Since 1985, Let’s Talk About It (LTAI) has been bringing adult reading discussion groups together with humanities scholars in Idaho’s public libraries to discuss literature. These book readings and discussions explore American values, history, culture, aging, classics, and much more. The presentation by, and interaction with, a program scholar is what sets these sessions apart from traditional book club discussions.
Wednesday, November 1, 2023, 6:30pm Driggs Branch
Empire Falls, by Richard Russo. Published 2002, 483 pages
Richard Russo’s 2001 novel follows the fortunes and declines of both its setting (Empire Falls, a formerly prosperous mill town in Maine) and its protagonist, the once-promising but now-struggling Miles Roby. Miles manages the Empire Grill for the imperious Whiting family, which controls much of life in Empire Falls. The novel spans many decades and generations, and considers the interactions of class, family, and history in a small town. Empire Falls was awarded the 2002 Pulitzer Prize in Fiction.
Richard Russo was born in 1949 in Johnstown, New York. He earned a BA, MFA, and PhD from the University of Arizona, and has taught at Southern Illinois University (Carbondale). He is a screenwriter and film producer, and has authored eight novels, two short story collections, and a memoir. Russo is the recipient of a Guggenheim Fellowship, and the Pulitzer Prize for fiction.
Thursday, February 1, 2024, 6:30pm Driggs Branch
Faithful and Virtuous Night: Poem, by Louise Glick. Published 2015, 71 pages.
Faithful and Virtuous Night is Louise Glück’s twelfth book of poetry. The collection alternates between more traditionally structured poems and prose selections. The book marks the first time Glück has included prose in her work. The poems are described as “inscrutable” and like parables, and many critics have suggested that this work is a departure from the poet’s earlier, more concrete and descriptive work. One wrote that the book “may be Glück’s strangest yet.” The collection was awarded the National Book Award for Poetry in 2014. The judges wrote that “Faithful and Virtuous Night emanates from a world where darkness blurs ordinarily sharp edges around the oppositions we summon to think our lives—loss and renewal, male and female, the living and dead.”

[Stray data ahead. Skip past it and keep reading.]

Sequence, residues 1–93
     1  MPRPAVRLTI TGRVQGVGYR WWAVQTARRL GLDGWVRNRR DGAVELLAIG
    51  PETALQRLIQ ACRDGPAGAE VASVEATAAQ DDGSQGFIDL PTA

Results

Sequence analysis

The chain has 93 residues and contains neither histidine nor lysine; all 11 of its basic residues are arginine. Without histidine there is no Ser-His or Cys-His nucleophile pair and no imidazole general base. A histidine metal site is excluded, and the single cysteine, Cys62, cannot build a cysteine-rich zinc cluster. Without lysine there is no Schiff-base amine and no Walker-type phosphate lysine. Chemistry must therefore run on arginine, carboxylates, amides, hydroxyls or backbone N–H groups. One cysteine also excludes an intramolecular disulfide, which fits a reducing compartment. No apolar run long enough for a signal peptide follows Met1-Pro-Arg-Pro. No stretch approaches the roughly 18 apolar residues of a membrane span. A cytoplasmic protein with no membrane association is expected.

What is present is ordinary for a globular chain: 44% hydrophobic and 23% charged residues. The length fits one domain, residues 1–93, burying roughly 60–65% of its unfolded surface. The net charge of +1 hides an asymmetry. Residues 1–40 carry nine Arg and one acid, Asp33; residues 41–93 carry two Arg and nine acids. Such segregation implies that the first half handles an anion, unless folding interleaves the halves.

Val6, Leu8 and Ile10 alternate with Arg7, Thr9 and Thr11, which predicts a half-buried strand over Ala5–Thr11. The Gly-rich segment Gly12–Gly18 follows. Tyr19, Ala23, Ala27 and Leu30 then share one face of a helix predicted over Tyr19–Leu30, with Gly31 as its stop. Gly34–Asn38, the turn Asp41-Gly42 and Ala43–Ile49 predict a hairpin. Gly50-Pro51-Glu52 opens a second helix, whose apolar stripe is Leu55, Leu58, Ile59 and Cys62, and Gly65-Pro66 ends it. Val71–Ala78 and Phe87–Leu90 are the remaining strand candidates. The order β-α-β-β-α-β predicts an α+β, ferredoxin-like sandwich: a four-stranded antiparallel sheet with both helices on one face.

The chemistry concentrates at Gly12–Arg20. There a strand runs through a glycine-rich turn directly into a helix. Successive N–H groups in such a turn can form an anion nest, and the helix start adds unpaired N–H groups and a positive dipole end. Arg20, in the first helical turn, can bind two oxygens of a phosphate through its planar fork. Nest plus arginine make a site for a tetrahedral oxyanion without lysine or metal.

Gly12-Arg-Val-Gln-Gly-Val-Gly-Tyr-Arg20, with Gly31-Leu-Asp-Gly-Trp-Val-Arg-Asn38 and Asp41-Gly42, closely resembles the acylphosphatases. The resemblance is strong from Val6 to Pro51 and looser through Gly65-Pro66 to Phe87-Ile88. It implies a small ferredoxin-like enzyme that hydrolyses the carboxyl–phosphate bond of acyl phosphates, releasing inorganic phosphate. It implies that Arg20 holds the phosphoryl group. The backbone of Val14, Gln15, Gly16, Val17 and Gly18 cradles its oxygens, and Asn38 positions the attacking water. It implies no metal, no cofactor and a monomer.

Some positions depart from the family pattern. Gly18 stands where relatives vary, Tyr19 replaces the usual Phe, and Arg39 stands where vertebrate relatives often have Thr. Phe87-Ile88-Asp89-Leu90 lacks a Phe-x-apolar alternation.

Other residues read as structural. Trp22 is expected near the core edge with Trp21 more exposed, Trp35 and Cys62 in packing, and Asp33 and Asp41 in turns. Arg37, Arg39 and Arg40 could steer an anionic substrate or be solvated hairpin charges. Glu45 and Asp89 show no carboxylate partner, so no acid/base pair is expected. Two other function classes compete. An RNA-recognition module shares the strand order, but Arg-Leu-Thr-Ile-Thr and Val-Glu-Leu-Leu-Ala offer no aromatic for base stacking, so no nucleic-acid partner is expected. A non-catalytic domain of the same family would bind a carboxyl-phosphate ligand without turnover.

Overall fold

Louise Glück is one of America’s most celebrated poets. She was born in 1943 in New York City. Though she attended both Sarah Lawrence and Colombia University, her physical and mental health concerns prevented her from earning a degree from either school. She opted instead to pursue several years of psychoanalysis in order to recover from an eating disorder; psychoanalysis has long been an acknowledged influence on her work. Glück published her first collection of poetry in 1968 and has been publishing them steadily since then. She has served as a visiting faculty member at many universities. Glück is the recipient of dozens of honors and awards for her work, including, a Guggenheim Fellowship, a Pulitzer Prize in 1993, her tenure as the US Poet Laureate 2003-2004, the National Book Award in 2014, and a Nobel Prize in Literature in 2020.
Friday, March 1, 2024, 6:30pm Driggs Branch
Less, by Andrew Sean Greer. Published 2018, 272 pages.
Andrew Sean Greer’s Less is a satirical novel about the misadventures of “failed novelist” Arthur Less. Less is turning 50, has suffered recent literary disappointments, and has just received an invitation to the wedding of his ex-boyfriend, Freddy. In an effort to reevaluate his life (and avoid the wedding), Less concocts a scheme to travel the world by accepting a series of professional invitations. He embarks on a comedic series of unfortunate events in his efforts to run away from his problems. The novel won the 2018 Pulitzer Prize for fiction; the Pulitzer foundation described Less as “A generous book, musical in its prose and expansive in its structure and range, about growing older and the essential nature of love.” The novel also won the PEN Oakland Josephine Miles Literary Award for 2018.
Andrew Sean Greer was born in 1970 in Washington D.C., alongside his identical twin. He was raised in Maryland and graduated from Brown University and the University of Montana. He is primarily a novelist, but has also taught creative writing, and served as the first Executive Director of the Santa Maddalena Foundation. He is a multiple award winner, as well as the recipient of a National Endowment for the Arts (NEA) grant and a Guggenheim Fellowship. Less is his fifth novel.